Pharmacy to Pay Settlement for Unshredded Medical Records Found in Dumpster
Following a 2012 report of an alleged Health Insurance Portability and Accountability Act violation, a pharmacy in Denver, Colorado, has agreed to pay a $125,000 settlement to the US Department of Health and Human Services.
Following a 2012 report of an alleged Health Insurance Portability and Accountability Act violation, a pharmacy in Denver, Colorado, has agreed to pay a $125,000 settlement to the US Department of Health and Human Services (HHS).
Cornell Pharmacy will also be responsible for instituting a corrective action plan overseen by the HHS.
Tony Jones, the pharmacy’s owner, will develop, revise, and maintain policies that comply with federal standards related to the private health information of patients. The corrective action plan will specifically address “administrative and physical safeguards for the disposal of all non-electronic [protected health information (PHI)],” according to the resolution agreement.
Back in 2012, 9News found unshredded documents containing PHI in an open dumpster owned by Cornell Pharmacy. The news team said it found personal information, including names, prescriptions, and addresses, for around 5000 individuals.
When Cornell heard about the investigation by 9News, it discovered that a “small number of documents” were thrown out before they were shredded, the pharmacy admitted in a statement.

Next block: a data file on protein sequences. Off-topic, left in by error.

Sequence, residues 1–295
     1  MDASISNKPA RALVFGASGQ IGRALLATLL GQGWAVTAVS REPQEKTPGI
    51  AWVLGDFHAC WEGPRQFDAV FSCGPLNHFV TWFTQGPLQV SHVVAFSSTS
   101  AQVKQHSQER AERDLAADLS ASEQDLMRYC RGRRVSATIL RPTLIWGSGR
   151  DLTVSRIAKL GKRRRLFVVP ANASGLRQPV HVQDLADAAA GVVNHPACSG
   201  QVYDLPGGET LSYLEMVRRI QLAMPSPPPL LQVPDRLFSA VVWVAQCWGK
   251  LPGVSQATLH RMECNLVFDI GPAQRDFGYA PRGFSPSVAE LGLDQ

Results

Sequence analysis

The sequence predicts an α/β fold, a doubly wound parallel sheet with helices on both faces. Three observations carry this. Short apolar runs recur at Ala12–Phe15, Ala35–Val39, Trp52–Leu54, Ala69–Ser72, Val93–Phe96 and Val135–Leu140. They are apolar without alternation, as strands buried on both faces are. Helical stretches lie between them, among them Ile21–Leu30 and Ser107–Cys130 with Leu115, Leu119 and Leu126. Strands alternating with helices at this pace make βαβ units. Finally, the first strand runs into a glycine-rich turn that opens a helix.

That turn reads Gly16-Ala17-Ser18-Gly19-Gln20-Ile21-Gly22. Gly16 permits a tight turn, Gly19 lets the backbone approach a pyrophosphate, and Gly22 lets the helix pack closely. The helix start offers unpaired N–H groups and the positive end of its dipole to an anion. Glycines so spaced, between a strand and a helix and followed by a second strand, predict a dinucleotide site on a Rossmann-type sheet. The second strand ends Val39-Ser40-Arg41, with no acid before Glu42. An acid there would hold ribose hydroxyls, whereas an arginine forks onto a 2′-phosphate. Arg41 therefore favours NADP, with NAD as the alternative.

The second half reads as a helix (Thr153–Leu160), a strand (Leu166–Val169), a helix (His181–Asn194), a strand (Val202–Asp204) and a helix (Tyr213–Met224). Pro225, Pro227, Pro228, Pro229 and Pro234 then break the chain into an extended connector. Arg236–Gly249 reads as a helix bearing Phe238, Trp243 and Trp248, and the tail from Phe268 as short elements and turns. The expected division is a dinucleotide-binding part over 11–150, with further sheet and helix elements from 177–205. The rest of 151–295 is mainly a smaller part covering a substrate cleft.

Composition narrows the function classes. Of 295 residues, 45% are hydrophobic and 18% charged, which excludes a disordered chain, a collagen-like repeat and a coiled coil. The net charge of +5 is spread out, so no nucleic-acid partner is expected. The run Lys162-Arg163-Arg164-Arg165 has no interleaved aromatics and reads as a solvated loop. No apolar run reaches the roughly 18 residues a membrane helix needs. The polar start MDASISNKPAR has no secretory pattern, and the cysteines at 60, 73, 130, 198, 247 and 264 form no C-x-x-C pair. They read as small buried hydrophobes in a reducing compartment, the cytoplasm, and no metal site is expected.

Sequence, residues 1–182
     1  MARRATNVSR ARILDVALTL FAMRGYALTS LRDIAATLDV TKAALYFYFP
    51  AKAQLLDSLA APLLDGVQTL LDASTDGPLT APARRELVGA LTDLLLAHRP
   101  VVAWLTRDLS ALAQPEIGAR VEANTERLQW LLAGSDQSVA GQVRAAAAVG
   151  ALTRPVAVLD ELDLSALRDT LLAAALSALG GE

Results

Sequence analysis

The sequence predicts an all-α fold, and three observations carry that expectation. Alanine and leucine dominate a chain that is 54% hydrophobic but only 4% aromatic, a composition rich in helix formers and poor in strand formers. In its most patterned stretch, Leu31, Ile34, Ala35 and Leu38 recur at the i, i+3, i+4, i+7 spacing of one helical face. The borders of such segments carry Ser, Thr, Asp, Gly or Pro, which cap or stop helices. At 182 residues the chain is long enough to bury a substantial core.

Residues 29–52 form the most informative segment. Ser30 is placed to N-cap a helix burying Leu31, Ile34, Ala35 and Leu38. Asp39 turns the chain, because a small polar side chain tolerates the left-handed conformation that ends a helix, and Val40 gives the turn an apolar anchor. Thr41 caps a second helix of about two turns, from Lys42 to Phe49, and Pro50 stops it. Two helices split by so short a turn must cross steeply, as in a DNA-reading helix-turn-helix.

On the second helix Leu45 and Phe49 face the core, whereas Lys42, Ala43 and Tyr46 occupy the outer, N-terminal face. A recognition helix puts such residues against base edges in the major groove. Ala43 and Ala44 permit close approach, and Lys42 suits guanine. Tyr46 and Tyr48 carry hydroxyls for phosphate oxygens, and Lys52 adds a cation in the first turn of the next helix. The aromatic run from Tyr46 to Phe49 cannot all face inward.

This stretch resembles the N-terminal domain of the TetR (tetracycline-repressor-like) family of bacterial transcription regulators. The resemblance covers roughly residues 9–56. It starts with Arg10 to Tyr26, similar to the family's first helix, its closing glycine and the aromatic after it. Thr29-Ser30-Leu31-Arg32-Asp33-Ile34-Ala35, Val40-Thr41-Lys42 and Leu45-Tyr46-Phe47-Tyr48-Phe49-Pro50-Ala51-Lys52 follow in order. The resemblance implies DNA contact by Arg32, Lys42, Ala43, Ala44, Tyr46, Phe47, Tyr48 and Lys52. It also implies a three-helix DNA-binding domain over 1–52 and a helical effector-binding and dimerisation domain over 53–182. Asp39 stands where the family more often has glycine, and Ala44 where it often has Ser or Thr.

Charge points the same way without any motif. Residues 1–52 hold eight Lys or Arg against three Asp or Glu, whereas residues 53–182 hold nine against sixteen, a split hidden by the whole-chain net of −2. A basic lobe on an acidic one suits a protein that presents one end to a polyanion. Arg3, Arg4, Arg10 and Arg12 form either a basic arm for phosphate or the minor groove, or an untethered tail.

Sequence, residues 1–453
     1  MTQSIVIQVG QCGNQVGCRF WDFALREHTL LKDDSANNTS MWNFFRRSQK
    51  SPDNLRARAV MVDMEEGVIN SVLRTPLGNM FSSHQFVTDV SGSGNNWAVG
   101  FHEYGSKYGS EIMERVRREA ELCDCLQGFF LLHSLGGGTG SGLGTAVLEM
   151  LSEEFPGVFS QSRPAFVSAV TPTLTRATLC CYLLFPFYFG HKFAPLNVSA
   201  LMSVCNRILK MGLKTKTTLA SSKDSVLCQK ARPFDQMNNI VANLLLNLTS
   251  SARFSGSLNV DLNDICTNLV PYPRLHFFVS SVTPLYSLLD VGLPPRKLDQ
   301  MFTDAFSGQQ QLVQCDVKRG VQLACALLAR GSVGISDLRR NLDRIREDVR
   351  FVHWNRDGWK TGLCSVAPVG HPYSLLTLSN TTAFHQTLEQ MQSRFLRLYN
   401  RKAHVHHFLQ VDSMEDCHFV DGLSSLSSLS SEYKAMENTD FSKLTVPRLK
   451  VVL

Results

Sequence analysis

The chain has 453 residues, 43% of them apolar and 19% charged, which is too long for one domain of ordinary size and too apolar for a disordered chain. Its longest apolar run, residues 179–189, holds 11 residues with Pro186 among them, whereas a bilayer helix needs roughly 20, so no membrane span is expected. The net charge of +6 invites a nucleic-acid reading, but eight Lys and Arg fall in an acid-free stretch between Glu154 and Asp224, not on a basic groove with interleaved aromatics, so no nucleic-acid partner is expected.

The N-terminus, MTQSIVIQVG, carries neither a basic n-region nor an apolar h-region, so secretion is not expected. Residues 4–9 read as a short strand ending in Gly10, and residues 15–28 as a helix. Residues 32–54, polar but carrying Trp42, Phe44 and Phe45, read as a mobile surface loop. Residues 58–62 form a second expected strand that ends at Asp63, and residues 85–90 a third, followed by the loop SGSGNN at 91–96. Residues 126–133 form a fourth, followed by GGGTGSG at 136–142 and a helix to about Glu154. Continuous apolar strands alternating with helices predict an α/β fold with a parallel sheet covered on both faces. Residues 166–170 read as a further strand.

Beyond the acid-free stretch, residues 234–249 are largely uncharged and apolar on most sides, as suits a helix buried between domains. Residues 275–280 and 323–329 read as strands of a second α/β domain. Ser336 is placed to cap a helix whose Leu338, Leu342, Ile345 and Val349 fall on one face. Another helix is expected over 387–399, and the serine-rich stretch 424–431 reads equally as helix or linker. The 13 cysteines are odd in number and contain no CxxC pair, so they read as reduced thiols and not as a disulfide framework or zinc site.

“We believe that those documents were part of the year-end review and purge process of older material,” the statement read. “The failure to shred them was inadvertent.”
Cornell also said the lock to pharmacy’s dumpster was cut off, and the pharmacy had reported it to the police.
“We do not know how 9News obtained the documents, but if they were in plain view when 9News found them, it was because someone had already cut the lock off the dumpster and left the documents behind,” Cornell’s statement read.
However, 9News cited a Waste Management source who said dumpster locks are designed to keep people from adding other trash to the dumpster—not to “secure materials disposed in the containers.”
Cornell said it has reminded its employees about the importance of shredding documents that contain personal information about patients.
9News said it would shred the documents after providing them to the pharmacy so it can contact patients about the potential privacy breach.